I'm going to run a half marathon in April.
Wow! I can't believe those words just flung off my fingers. Six months ago, I wouldn't have even considered the possibility. But I've put my money down. My training calls for me to run nine miles this weekend.
So, here we are.
Running isn't a new thing for me. I ran in high school as a field hockey player. I ran occasionally in college in an attempt to keep the weight off. I ran a couple of times a week as a young adult because I had the time. But I wasn't serious about it. I never went farther than a couple of miles.
Once kids came along, I walked. I pushed my older daughter around my neighborhood in the stroller for countless hours. We'd sing and talk and point out the animals and neighbors and big trucks before I headed to work mid-morning and she went to day care.
When my younger daughter came along more than four years later, I thought I'd do the same. But she hated it - dreaded being confined in the stroller, couldn't stand being away from her big sister for too long. My walks - sometimes six miles at a time with my older daughter - shrunk to two or so at the most.
That is until I sprinted across a busy street one day. When I slowed to a walk on the other side, I heard a little voice call out from underneath the stroller canopy, "Go faster, Mommy!"
I did. When I slowed down, she demanded more speed. When I stopped, she asked me why. She was like a personal trainer - the mean kind. And it worked!
I started running - first a few blocks then a mile then three. Pretty soon, on the weekends, I was heading out on my own, amazed when I finished five miles in a decent time and exhilarated because I'd accomplished something on my own, for me. That wasn't happening very often.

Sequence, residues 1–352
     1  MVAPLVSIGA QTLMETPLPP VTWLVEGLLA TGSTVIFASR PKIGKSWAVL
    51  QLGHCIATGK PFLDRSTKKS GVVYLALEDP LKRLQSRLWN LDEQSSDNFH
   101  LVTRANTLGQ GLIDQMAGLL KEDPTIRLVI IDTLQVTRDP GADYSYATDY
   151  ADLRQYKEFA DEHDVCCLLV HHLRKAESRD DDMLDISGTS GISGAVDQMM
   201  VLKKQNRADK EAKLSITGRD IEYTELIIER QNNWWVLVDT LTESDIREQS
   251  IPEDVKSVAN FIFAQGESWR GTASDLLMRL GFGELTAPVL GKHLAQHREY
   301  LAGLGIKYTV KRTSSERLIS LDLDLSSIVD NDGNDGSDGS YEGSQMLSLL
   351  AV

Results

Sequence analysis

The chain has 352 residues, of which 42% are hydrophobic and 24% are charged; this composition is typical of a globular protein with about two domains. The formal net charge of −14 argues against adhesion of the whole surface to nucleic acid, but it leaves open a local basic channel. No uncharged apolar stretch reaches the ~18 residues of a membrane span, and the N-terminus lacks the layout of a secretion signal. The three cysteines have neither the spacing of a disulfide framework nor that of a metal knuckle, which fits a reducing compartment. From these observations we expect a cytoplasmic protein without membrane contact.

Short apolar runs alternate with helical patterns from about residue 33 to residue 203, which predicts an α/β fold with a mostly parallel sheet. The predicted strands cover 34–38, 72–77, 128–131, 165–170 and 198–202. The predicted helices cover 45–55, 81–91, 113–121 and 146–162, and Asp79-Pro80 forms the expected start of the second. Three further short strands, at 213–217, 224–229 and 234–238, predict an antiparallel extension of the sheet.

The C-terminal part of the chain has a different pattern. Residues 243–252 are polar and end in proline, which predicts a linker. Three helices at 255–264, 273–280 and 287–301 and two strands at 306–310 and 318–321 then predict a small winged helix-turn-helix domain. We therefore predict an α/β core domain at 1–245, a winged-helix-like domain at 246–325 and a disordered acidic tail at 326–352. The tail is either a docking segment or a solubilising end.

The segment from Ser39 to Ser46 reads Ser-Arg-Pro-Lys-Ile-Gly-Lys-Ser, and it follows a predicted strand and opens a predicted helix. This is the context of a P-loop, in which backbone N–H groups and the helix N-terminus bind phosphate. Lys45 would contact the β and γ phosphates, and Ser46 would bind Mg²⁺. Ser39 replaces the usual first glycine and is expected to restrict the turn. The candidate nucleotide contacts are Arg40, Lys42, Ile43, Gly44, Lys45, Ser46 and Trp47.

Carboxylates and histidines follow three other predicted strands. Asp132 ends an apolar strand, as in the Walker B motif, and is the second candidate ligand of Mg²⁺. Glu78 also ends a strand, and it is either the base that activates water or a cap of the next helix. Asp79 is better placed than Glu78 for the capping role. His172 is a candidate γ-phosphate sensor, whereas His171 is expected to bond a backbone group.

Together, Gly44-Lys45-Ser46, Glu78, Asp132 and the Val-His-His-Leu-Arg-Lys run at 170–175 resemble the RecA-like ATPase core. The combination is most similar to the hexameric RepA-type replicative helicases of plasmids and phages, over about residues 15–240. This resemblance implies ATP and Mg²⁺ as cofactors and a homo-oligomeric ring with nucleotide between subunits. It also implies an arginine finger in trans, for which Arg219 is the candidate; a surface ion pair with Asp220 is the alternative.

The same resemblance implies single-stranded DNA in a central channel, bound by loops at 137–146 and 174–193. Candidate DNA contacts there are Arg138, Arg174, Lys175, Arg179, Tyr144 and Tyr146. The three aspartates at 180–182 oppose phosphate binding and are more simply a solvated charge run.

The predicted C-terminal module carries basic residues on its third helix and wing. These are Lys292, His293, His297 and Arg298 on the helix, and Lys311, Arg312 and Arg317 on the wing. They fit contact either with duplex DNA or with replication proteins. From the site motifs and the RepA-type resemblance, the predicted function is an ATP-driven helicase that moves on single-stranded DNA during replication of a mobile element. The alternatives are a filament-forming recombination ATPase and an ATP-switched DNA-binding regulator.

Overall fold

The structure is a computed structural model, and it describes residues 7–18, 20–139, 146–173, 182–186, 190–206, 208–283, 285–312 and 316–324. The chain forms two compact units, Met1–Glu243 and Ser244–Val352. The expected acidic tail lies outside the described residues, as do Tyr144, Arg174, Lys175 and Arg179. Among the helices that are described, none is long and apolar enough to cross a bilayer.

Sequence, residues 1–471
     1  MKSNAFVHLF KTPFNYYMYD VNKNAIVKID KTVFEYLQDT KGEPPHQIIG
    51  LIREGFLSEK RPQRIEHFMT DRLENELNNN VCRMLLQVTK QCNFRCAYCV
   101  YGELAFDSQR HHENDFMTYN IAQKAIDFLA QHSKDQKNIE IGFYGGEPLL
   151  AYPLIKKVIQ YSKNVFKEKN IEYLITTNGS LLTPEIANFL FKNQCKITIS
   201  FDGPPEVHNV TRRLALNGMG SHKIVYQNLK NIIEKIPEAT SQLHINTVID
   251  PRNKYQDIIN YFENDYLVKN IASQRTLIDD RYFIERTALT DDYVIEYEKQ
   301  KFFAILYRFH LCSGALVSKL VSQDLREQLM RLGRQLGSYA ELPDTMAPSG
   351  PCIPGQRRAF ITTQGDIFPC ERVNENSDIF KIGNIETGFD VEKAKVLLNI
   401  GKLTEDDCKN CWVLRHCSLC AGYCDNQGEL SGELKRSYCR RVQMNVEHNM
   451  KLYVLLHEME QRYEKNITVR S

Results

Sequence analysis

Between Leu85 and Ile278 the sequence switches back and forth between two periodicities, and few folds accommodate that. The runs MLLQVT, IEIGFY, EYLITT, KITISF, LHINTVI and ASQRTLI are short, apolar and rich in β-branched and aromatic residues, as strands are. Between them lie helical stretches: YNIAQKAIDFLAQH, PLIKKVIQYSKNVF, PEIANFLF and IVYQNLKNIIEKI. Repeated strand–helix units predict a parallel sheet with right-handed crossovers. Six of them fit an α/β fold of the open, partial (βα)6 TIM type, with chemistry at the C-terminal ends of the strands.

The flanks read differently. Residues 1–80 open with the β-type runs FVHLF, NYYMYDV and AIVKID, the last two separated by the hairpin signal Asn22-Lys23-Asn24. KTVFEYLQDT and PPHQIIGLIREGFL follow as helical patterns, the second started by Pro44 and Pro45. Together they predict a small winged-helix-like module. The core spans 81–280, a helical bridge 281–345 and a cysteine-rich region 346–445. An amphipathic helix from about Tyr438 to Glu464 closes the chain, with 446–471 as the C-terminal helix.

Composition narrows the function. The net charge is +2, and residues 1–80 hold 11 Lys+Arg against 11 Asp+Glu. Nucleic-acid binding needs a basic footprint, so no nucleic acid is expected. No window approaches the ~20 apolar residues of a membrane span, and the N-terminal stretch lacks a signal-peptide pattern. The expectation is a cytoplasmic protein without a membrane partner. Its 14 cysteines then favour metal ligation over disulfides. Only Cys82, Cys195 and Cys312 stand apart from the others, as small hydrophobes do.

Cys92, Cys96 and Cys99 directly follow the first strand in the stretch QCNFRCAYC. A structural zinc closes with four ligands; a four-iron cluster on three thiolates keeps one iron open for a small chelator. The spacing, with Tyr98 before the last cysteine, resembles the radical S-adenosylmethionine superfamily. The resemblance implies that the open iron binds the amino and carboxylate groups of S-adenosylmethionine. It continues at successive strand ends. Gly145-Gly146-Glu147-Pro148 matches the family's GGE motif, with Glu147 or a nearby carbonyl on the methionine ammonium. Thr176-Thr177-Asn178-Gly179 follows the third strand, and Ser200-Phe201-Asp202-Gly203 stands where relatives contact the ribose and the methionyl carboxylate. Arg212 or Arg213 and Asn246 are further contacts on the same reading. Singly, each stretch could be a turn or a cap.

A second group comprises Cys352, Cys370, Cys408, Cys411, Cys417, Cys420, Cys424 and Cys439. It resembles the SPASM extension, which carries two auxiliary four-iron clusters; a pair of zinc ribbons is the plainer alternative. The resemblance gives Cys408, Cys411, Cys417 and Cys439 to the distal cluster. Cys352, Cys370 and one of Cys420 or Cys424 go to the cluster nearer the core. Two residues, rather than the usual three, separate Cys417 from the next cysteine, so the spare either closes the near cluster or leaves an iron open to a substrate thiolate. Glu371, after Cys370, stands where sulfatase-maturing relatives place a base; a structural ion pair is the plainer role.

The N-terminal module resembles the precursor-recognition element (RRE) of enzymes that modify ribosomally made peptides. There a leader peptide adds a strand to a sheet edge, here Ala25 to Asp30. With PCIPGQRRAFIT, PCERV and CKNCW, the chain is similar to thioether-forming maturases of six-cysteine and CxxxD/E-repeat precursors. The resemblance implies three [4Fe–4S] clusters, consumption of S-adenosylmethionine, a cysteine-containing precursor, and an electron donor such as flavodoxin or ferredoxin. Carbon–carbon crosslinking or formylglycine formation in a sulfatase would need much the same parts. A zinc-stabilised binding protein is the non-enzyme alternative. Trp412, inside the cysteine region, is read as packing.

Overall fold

Then, a mom who lives across the street encouraged me to join a morning running group made up of mostly other neighborhood moms. I joined in the fall. As I headed out for that first run, I worried that I wouldn't be fast enough or that I'd have to stop right in the middle and turn around. I brought my iPod, thinking I'd listen to music like I always did.
But when I got there, we started talking - about life, kids, husbands, vacations, school projects, the latest round of lice, stomach bugs, date nights, you name it. We laughed and gave advice, sympathized and listened. The miles flew by. I never brought my iPod again.
I now wake up three mornings a week at 5:45 a.m. to join the group. Despite those early mornings, I have never felt more rested and energized. Running does that. Sure, it has helped me shave off a few pounds. But, more importantly, it has helped clear my head. I'm happier, healthier and a better mom to my kids when I run.
And that all has brought me to here. With another runner in my small group, I've signed up for the RunRaleigh Half Marathon on April 14. I'm nervous and excited, but mostly excited.
I'm not sharing my story because it's unique or unusual. Lots of people have gone before me, judging by all those 13.1 bumper stickers out there.
I share my story because I want other moms like me to know it's possible. To start, all I needed was a pair of running shoes and the willingness to get out there.
So here on Go Ask Mom, I'm launching a series on runner moms in the Triangle. We'll hear from WRAL-TV moms Amanda Lamb, Monica Laliberte, Kelcey Carlson, Julia Sims and Elizabeth Gardner on why they run and how they work it into their crazy schedules.
I'll have features and posts from local moms who run. A mom, who is a runner and physical therapist with Duke Medicine, our sponsor, will share some tips. I'll check in with Raleigh Running Mamas, a 5K and 10K training program for moms, as well. And there's more. Look for a couple of posts each week, starting with a post from Amanda on Monday.
I'll wrap it all up on April 15 when, I hope!, I can share that I crossed the finish line.
Sarah is a mom of two and Go Ask Mom's editor.